5. jason – it can be hard at first to complete the hindu squat with heels raised, but I urge you strongly to keep at it – I’ve tried it without and the exercise is much less effective, really it’s a whole-body exercise like the Dand Pushup, and each part of the movement is important.

    Once you get the feel for it and balance improves you will reap the rewards.

  6. Thank you very much, Rick Duker – I hadn’t heard of Checkley, found free download of his book here started reading it online, there is so much sense in the first few pages, have now got the actual book on order – one of those moments of serendipity where the direction of one’s own thinking is suddenly illuminated by a bright bright light, but took me years to get there.

  7. I had the same sense when I discovered his work some years ago. Checkley was brilliant and for the most part his ideas are still of great value today. Central to his system is costal breathing and proper posture from which everything else flows. Glad you have discovered Edwin Checkley’s natural training system now too! Enjoy!

  8. Having done the typical young man’s thing of pushing my body to insane extremes and then paying the inevitable price, Edwin Checkley’s ideas now make perfect sense to me – I wish I’d read him sooner, but at the same time doubt that I would’ve listened to them back in the day when my bible was Schwarzenegger’s ‘Encyclopedia of Modern Bodybuilding’ and my concept of moderation was doing four hours a day in the gym instead of six. It’s a sad fact that most of us learn only through negative outcomes, and even then only by repeated doses.

    1. There were weight lifters such as Alan Calvert who abandoned weight training due to the influence of Checkley. Checkley believed it was detrimental to destroy muscle tissue to make the muscles larger and harder. Flexible supple muscles were more useful. Balancing the body against the ever present force of gravity was the best exercise. He emphasized conservation of energy as an important principle in body management.

  9. Yes – conservation of energy (aka vital force) is the basis of health and of power, and once you realize this you see its truth everywhere, eg the humble domestic cat (my current old tabby is 11, can still run ten metres in half a second, jump eight times his own height, always carefully stretches on waking, trains once a day for 15 minutes, a session of mad dashing, but rests most of the time – if he had to catch his own food he could do it easily, rodents, birds, lizards, might take 2-3 hours at most) or in the world of human politics, Sun Tzu’s ‘The Art of War’, which emphasises conservation of force at all times. Energy, which includes your mental attention, must not be squandered, but almost everyone, me included, acts as if they have an unlimited supply, and our society is in fact structured to rob us of this resource in a million insidious ways.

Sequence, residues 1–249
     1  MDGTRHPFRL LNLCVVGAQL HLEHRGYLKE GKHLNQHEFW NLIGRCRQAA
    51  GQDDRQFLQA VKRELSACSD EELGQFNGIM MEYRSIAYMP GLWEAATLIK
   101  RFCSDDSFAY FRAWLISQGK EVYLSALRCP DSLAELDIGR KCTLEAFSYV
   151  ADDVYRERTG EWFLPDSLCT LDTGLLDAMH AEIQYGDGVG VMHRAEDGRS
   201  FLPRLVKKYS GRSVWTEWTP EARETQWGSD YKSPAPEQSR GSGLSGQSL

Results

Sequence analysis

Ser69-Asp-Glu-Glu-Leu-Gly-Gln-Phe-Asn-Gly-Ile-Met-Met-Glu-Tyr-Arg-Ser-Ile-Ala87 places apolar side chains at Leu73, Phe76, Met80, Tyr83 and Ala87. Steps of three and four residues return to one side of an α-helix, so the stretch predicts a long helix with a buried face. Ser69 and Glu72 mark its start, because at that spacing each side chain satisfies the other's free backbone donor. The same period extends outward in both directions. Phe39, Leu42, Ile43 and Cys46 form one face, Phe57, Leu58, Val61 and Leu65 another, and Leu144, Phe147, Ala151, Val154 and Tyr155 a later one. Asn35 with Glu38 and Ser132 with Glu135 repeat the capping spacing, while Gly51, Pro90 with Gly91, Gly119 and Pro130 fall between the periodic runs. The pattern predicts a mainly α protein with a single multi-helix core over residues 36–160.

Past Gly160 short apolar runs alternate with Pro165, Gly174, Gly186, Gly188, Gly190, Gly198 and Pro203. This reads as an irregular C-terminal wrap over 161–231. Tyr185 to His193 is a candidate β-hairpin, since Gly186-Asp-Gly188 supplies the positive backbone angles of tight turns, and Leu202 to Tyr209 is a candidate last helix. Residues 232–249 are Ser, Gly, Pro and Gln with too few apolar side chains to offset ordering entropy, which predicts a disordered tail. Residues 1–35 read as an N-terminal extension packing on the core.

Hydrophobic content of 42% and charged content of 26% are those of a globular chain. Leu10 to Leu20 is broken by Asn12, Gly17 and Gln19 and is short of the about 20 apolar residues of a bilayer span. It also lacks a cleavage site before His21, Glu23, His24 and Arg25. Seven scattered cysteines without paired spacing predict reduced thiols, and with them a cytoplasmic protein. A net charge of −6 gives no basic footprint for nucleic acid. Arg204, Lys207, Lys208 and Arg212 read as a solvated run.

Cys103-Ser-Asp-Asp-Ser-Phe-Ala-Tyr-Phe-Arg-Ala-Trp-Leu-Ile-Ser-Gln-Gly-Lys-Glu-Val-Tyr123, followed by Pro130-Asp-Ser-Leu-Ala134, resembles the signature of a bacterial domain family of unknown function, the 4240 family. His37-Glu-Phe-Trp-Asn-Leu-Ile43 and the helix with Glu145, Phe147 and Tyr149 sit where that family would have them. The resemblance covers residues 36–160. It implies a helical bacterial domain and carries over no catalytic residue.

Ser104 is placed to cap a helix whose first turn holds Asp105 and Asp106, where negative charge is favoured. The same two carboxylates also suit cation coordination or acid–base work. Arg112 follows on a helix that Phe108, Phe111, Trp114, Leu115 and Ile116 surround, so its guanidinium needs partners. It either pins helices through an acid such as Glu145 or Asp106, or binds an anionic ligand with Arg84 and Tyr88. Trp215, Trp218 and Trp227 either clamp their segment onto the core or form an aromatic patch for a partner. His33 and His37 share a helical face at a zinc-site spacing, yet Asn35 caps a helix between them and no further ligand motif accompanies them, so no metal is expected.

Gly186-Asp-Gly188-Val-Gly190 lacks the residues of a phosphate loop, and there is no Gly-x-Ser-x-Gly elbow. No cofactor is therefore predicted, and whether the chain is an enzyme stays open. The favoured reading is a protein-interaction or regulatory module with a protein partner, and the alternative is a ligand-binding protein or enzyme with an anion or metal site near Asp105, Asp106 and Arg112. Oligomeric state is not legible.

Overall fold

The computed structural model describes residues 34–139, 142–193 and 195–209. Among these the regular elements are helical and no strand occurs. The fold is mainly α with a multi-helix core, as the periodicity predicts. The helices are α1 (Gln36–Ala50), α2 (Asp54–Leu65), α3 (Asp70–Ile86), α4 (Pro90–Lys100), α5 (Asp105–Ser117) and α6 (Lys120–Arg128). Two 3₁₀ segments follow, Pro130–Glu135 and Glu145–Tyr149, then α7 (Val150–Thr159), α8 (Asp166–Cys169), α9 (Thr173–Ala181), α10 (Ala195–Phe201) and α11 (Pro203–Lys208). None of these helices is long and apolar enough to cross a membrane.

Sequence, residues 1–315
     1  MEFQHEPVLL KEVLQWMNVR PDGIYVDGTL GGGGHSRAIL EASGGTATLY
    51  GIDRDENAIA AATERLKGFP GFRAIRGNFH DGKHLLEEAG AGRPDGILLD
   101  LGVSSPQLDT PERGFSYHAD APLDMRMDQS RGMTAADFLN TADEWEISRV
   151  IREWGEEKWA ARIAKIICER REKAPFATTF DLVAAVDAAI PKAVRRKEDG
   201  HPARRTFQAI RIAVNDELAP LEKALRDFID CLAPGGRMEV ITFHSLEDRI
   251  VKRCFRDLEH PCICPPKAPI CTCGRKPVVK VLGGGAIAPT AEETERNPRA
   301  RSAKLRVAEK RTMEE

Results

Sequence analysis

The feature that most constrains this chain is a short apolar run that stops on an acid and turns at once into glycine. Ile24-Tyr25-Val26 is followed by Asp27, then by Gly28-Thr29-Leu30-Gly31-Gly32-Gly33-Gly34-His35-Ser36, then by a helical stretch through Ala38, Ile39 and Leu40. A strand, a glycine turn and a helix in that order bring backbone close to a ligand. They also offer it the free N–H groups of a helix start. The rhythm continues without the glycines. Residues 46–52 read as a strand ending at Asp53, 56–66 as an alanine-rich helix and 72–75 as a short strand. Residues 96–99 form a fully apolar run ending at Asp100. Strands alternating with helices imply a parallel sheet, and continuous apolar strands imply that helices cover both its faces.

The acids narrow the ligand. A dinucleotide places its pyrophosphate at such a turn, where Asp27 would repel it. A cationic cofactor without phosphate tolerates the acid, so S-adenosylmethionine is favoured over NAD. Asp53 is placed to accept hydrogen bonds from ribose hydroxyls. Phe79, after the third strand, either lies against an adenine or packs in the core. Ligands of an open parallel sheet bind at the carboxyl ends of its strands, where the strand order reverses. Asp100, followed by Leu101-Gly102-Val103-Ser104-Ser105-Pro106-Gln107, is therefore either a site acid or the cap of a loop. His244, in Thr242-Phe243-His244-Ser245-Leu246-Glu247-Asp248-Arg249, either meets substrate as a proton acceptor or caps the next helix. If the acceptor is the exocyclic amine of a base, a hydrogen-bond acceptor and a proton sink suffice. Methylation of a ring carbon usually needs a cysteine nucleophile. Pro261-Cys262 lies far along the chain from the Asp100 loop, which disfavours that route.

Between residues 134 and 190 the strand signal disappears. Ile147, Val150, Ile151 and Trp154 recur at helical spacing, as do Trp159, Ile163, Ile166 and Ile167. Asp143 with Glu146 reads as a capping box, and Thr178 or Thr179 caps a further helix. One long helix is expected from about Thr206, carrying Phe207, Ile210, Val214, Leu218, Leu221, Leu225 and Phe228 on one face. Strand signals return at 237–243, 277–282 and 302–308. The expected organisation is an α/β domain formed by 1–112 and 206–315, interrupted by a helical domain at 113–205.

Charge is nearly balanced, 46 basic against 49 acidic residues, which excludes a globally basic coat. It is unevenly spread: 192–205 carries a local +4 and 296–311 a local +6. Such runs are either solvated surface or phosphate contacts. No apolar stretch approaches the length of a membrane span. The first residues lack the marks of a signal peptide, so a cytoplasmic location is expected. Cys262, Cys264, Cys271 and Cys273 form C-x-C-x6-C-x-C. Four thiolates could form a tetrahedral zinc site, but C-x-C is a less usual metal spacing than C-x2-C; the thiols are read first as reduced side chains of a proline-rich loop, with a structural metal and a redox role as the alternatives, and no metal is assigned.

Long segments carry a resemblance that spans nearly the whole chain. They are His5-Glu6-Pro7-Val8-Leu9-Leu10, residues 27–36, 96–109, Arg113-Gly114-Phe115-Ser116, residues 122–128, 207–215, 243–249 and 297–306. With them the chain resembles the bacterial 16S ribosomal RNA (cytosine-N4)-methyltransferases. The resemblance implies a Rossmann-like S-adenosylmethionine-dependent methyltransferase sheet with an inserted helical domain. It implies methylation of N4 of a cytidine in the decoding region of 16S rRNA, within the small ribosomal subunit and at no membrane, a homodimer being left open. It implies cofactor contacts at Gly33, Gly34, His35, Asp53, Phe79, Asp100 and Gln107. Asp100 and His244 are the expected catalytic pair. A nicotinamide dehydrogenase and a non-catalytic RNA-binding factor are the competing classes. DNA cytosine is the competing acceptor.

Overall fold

10. Question is, what are you trying to achieve – a muscular appearance? endurance? feats of strength? or good health?

    The single-minded pursuit of any or all of the first three mitigates against the fourth, because training to excess reduces your vital force.

    In terms of strength training, I have only used one method: lifting heavy things, at first I did it with high frequency, then because I was doing a hard physical job as well, I had to reduce the workload – simple burnout and chronic injury forces that upon you. Can you become very strong without using weights? I haven’t tried it myself, but I have seen enough examples to think it can be done, and it seems that what matters is the cultivation of vital force by training with relaxed and natural actions that aid the conservation of energy.